Isn’t it obvious?

It’s hard not to blog about the continuing discussion of Target’s credit card breach, given the testimony of Target’s CFO yesterday.

But I will try.

Okay, you’re in the sports business.  Shoes, jerseys, and the like. Your competitor is, too, although he/she doesn’t compete across the entire line of products you offer.

But you both are selling wearable devices to help users monitor their progress on their individual fitness journeys. What happens if your competitor’s approach resembles yours? Just sue it.

“Adidas Sues Rival Under Armour.” Wall Street Journal, February 5, 2014 B9

Adidas alleges Under Armour infringed Adidas’s 10 patents relating to “real-time workout data transmission and automated route mapping” in Adidas’s miCoach system, and that Under Armour’s director of innovation and research (formerly senior innovation engineering manager at Adidas) knew of Adidas’s patents.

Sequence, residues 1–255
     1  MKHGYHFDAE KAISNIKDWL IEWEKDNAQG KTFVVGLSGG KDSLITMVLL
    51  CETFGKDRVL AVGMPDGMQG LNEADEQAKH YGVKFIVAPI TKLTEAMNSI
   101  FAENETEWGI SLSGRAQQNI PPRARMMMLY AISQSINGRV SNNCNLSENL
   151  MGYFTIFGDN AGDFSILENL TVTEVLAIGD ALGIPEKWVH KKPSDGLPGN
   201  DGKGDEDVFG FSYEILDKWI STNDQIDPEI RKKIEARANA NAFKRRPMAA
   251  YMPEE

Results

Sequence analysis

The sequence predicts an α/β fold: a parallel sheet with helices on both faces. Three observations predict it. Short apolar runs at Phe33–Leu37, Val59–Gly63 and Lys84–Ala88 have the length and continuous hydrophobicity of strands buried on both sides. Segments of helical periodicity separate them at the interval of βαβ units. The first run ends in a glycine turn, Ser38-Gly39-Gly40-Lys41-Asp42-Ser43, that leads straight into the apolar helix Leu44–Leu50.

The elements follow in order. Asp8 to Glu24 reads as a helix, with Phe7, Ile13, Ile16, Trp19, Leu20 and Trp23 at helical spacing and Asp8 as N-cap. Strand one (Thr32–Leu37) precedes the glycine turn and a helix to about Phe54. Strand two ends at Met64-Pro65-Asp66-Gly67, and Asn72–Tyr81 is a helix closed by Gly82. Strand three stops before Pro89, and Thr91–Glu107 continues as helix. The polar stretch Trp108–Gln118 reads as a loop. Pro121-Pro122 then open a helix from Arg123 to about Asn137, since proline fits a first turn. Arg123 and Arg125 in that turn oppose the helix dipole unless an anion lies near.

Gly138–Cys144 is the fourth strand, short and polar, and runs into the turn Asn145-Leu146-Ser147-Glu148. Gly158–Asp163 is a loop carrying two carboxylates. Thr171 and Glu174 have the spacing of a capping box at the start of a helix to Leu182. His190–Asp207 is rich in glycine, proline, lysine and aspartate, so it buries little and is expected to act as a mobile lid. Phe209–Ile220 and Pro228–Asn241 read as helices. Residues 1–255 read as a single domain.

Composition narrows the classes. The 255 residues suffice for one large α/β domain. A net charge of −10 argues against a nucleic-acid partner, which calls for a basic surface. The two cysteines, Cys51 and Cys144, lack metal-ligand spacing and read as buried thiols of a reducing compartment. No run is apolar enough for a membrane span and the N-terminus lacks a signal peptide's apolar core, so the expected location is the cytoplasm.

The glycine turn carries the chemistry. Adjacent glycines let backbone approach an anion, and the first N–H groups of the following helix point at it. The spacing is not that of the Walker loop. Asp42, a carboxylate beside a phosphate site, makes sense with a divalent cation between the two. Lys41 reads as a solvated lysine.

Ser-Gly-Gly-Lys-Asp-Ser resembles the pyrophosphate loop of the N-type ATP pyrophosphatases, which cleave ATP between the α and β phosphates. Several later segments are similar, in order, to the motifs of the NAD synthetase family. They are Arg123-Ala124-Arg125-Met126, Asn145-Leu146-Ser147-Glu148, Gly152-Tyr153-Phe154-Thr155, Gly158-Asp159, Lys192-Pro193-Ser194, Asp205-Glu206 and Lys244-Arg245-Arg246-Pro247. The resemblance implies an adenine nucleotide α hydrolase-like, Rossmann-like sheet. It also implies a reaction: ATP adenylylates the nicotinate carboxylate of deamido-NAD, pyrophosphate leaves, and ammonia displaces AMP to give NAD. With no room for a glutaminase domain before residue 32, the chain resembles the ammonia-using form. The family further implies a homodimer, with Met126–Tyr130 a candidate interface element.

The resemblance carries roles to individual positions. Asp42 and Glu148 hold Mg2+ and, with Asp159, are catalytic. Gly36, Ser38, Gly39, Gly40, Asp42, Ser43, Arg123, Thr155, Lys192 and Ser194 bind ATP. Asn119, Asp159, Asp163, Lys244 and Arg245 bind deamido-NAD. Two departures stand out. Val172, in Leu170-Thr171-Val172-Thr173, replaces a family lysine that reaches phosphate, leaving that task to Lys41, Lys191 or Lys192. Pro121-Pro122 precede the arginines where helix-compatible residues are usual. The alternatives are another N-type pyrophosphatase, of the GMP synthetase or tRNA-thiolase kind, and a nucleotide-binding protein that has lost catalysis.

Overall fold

What are the risks of hiring the senior innovation engineering manager from your competitor?  Does your Code of Conduct prohibit employees from using proprietary information of their former employers? Is this unfair competition?  Or do you just do it?


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Filed under Business Case, Controls, Definition, Information, Internal controls, Knowledge Management, Ownership, Protect assets, Risk, Third parties, Value

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